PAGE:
Brothers Mike and Tim McCall own a large ranch in Arizona, using the surrounding lands for grazing cattle. Stanley Cox and LeRoy Stanton sell this land to settlers who arrive to find it ...
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Steve Lewellyn (Rod Cameron), a drifter, comes into New Mexico just as it is about to be opened up to the law and to commerce by the oncoming railroad, but where a gun is still the deciding... See full summary »
Johnny Mack Brown
In this remake of "Ride, Ranger, Ride" (1936), Texas Rangers Stony Brooke, Tucson Smith and Lullaby Joslin (The Three Mesquiteers) are detailed by Ranger Captain Miller, of the Red River ... See full summary »
Brothers Mike and Tim McCall own a large ranch in Arizona, using the surrounding lands for grazing cattle. Stanley Cox and LeRoy Stanton sell this land to settlers who arrive to find it bone dry, as a dam on the McCall ranch controls the water. Among the settlers are John Dawson and his daughter Connie. The latter goes to the nearest town to take action, but Sheriff Ball tells him there is nothing he can do. Tim falls for Connie but Mike is unimpressed with her charms. While returning from a town dance, Tim discovers Stanton trying to dynamite the dam, and is killed in the ensuing gunfight. Stanton later sends his men to stampede the cattle while he and Cox blow up the dam. Despite the efforts of Mike and Sheriff Ball, the cattle are wiped out and Mike races to the dam and kills Stanton in a gunfight. Written by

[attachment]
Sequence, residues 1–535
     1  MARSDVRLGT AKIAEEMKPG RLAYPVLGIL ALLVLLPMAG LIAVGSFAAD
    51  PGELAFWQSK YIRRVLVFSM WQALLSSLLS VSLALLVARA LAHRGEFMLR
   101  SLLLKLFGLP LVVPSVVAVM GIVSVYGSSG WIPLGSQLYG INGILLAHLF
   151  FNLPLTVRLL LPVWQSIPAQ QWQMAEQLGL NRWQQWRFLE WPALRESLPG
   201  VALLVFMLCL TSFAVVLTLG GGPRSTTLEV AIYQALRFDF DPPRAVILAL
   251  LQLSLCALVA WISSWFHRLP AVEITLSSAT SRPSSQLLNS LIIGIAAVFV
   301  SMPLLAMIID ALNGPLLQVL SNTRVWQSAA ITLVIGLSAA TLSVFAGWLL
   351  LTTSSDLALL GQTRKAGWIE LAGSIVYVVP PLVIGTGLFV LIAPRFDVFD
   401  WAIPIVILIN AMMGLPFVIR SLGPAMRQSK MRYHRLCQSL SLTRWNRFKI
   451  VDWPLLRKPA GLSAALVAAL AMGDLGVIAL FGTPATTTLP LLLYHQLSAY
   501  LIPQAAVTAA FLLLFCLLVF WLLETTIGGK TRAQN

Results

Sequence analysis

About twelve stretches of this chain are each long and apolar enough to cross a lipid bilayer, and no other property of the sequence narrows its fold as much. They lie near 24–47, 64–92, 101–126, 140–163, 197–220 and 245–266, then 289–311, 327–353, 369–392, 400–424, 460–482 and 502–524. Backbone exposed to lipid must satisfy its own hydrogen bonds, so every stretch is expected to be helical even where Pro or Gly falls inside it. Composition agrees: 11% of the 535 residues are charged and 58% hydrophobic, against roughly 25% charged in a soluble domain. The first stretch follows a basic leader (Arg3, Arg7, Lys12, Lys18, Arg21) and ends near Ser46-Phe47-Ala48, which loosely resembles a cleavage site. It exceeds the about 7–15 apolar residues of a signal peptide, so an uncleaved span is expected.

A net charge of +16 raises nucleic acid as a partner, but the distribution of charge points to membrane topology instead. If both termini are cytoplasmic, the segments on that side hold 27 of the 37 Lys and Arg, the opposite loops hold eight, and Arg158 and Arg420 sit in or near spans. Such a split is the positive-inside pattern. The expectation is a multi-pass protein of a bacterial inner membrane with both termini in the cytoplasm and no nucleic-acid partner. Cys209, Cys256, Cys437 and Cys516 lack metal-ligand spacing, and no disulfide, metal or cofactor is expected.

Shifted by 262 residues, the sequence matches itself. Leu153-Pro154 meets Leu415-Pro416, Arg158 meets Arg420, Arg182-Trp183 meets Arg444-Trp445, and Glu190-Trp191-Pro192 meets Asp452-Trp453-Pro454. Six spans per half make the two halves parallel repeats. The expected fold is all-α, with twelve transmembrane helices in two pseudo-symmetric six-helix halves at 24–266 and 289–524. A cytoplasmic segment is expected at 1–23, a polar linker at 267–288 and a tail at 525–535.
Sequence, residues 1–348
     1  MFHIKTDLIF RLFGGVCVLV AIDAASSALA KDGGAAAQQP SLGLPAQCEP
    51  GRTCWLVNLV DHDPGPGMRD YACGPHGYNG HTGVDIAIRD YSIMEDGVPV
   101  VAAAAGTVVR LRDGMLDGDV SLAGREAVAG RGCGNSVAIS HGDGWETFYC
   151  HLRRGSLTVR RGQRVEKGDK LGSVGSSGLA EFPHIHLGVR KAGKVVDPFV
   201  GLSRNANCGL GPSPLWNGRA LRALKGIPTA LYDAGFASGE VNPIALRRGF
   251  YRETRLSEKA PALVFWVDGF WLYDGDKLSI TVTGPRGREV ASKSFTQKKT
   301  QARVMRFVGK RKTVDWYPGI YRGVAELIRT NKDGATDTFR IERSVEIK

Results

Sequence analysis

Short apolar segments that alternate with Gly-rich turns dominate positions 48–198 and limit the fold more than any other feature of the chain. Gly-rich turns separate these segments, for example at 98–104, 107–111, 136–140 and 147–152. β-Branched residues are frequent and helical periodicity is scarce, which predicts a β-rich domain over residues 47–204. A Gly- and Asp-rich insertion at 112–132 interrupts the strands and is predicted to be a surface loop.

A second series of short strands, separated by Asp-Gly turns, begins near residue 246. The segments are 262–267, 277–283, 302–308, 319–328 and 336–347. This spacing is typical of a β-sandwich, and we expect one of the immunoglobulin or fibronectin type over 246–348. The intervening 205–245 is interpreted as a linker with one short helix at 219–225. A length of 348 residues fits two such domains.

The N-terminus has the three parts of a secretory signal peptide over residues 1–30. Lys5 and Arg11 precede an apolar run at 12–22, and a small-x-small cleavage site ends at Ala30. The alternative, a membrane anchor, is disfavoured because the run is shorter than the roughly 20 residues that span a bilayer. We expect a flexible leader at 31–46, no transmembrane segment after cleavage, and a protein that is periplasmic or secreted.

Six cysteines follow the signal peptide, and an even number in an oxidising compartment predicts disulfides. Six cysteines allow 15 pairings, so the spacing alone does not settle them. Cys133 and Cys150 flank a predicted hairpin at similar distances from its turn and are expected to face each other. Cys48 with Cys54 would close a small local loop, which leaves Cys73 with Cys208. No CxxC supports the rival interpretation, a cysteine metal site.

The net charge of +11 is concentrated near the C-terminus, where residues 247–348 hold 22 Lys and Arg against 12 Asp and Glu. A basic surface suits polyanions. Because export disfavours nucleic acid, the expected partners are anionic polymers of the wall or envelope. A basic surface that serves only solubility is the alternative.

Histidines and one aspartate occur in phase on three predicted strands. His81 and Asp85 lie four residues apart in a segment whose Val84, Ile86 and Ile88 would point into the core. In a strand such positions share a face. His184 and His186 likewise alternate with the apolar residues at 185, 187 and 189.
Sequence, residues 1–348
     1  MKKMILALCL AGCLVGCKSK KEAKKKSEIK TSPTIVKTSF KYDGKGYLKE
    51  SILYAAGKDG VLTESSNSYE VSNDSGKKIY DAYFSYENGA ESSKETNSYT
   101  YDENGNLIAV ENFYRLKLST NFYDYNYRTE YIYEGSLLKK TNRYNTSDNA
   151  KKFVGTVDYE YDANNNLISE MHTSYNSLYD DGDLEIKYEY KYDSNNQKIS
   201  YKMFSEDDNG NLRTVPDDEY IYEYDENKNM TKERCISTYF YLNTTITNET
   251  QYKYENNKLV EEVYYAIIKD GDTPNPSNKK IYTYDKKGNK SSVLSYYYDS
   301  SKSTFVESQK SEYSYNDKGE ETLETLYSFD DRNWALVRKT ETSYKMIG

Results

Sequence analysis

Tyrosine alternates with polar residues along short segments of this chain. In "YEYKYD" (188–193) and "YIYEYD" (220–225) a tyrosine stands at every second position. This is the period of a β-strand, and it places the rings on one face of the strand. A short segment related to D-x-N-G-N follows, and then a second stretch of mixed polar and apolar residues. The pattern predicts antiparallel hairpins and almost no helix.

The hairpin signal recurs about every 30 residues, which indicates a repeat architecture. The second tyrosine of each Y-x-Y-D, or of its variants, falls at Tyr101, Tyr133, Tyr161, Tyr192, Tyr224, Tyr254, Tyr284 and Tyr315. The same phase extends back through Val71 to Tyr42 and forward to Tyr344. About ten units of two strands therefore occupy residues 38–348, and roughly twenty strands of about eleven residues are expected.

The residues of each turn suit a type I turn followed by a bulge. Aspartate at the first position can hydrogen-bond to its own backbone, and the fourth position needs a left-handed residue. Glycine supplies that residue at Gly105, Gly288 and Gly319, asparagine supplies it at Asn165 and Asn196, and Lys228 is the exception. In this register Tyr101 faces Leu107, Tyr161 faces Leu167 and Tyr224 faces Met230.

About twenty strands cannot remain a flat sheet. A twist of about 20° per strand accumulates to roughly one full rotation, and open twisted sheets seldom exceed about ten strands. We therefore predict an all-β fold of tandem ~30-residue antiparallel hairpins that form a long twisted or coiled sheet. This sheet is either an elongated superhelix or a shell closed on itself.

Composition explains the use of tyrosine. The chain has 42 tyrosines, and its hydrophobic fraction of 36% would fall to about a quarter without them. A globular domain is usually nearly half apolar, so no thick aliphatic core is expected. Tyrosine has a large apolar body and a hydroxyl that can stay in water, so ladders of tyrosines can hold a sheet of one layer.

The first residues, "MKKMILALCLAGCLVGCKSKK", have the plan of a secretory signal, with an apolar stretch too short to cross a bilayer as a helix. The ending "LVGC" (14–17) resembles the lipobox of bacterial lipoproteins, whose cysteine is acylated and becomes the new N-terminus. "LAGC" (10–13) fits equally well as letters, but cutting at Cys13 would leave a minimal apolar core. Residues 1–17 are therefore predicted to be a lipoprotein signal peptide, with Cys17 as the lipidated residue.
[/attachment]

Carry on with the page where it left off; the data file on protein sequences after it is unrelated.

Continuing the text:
Les Adams <firstname.lastname@example.org>
When the company went on location in northern California, co-star Gale Storm had to bring along her three sons because her husband was away on a business trip. According to the publicity materials for this film, Allied Artists became the first studio in Hollywood to have a babysitter on its payroll. See more »
Big budget is a relative term and while Stampede wouldn't pass muster as a B film at MGM, Paramount etc. it's a good and grim western from Allied Artists. It's a cut rate version with the same issues about ranchers and homesteaders that MGM's Sea Of Grass or Paramount's Shane have. In a far more humorous vein John Wayne's McLintock explores the same issues.
Rod Cameron certainly sits as tall in the saddle as the Duke did. Unlike John Wayne, Cameron never escaped B pictures. He's the local McLintock in Stampede who built himself a nice cattle empire with his more easy going brother Don Castle. He's also built himself a dam and settlers who've bought parcels of land now have no water.
There seems to be a lot of personal animus directed at Cameron by villains John Eldredge and John Miljan for no discernible reason other than jealousy. They seem to want to bring him down just on general principles. Among the settlers that Miljan and Eldredge bring are Steve Clark and his daughter Gale Storm.
Cameron may never have cracked the A picture market as a star. But Stampede is a fine B western and the climax is the title.
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